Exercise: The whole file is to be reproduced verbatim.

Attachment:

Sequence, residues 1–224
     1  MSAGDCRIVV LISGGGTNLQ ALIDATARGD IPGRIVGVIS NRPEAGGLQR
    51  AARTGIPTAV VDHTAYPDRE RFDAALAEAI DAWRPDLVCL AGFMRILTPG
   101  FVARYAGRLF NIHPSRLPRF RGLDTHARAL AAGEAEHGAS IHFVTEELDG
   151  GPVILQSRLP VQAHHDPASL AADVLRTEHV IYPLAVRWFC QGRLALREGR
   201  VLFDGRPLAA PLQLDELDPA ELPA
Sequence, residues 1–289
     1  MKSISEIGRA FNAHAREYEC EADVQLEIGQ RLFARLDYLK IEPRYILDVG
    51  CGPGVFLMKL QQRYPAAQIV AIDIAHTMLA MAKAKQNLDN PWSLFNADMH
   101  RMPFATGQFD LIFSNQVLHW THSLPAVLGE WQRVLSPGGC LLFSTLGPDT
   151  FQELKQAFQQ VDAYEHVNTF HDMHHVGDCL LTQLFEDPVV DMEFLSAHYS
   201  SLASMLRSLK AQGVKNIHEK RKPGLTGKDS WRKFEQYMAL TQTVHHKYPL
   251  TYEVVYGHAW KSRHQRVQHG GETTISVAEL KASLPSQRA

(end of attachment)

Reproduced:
Sequence, residues 1–224
     1  MSAGDCRIVV LISGGGTNLQ ALIDATARGD IPGRIVGVIS NRPEAGGLQR
    51  AARTGIPTAV VDHTAYPDRE RFDAALAEAI DAWRPDLVCL AGFMRILTPG
   101  FVARYAGRLF NIHPSRLPRF RGLDTHARAL AAGEAEHGAS IHFVTEELDG
   151  GPVILQSRLP VQAHHDPASL AADVLRTEHV IYPLAVRWFC QGRLALREGR
   201  VLFDGRPLAA PLQLDELDPA ELPA
Sequence, residues 1–289
     1  MKSISEIGRA FNAHAREYEC EADVQLEIGQ RLFARLDYLK IEPRYILDVG
    51  CGPGVFLMKL QQRYPAAQIV AIDIAHTMLA MAKAKQNLDN PWSLFNADMH
   101  RMPFATGQFD LIFSNQVLHW THSLPAVLGE WQRVLSPGGC LLFSTLGPDT
   151  FQELKQAFQQ VDAYEHVNTF HDMHHVGDCL LTQLFEDPVV DMEFLSAHYS
   201  SLASMLRSLK AQGVKNIHEK RKPGLTGKDS WRKFEQYMAL TQTVHHKYPL
   251  TYEVVYGHAW KSRHQRVQHG GETTISVAEL KASLPSQRA